It took a lot of thoughtful preparation which was painful at first. After a week we got the hang of it but the first few days were rough because this was all new for everyone. The camera operators and the DP and I, it was all new to all of us. Ashley Benson was actually great; she was technically a camera operator for a third of the shots. So that was great, it was a great experience.
Ashley Benson is great in the film, it must have been very important to find an actor who can be that kind of anchor.
It was. Pivotal. Because a person that’s a lead that’s in 95% of the shots can make or break the film in a big way. So we took our time casting and went through an extensive list, and then when Ashley’s name came up we thought “Oh, she’s great.” I actually didn’t know too much about her, so I watched some of her performances in Pretty Little Liars, which she’s mainly known for and she’s very good. She loved the script, she loved the idea and she wanted to do something very different from her show. This is a 180 compared to that. No make-up, down and dirty, gritty New York indie. So it was a huge break from what she was used to, and that’s what she wanted. So it was a perfect combination for the both of us.
There are some moments throughout the film which remind you that it’s not just the audience watching this footage. Was that difficult, to know when to jolt the audience?
We shot the film in three weeks, but because of knowing when the audience would get absorbed in the story and not be distracted by the camera switches and the camera angles and the point of view shots, the editing took five months. And so that was the hardest part of the entire process, the editing. We had an amazing editor, Shelby Siegel, who was fantastic the entire time, she brought a ton of ideas to the story, we changed a lot from the script. A lot, actually, and the order of the film was changed because of that, and it goes to show you how important an editor is. So I was lucky to have her on board.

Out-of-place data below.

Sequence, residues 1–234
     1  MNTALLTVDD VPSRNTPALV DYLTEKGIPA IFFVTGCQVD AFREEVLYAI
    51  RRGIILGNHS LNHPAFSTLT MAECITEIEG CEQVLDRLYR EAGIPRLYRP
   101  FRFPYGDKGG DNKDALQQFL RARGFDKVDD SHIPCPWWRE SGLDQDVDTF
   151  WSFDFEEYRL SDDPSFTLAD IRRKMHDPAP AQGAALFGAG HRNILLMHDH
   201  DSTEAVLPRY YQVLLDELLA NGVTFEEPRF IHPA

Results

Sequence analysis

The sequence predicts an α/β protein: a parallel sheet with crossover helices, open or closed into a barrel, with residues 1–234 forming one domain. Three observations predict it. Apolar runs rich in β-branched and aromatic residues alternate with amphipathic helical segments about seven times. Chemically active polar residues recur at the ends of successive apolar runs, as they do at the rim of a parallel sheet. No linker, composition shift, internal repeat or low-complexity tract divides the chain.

We wanted to throw the audience a little bit and add some mystery and red herrings but at the end of the day, this is not a story that’s saying, “Be careful who your friends are.” What we’re trying to say is “Be careful of the internet and be careful of technology,” which is a very different message. It’s bigger than just who your friends are.
How have you found the reaction to Ratter?
Yeah, there’s been a lot of paranoia! I’m happy that we’ve made a film that can make people think about protecting themselves. As we move forward and make our lives public to the world we need to think about the consequences of that. Especially the younger generation. You and I know what it’s like to have life without computers and technology but the kids these days don’t really know anything else so they’re not really conscious of having consequences to their tweets, or videos that are just going to be out there forever now. So if we can make a film that can make them think about it then that’s great.
Ratter is available on DVD and digital download now. Keep up with the latest horror news with the new issue of SciFiNow.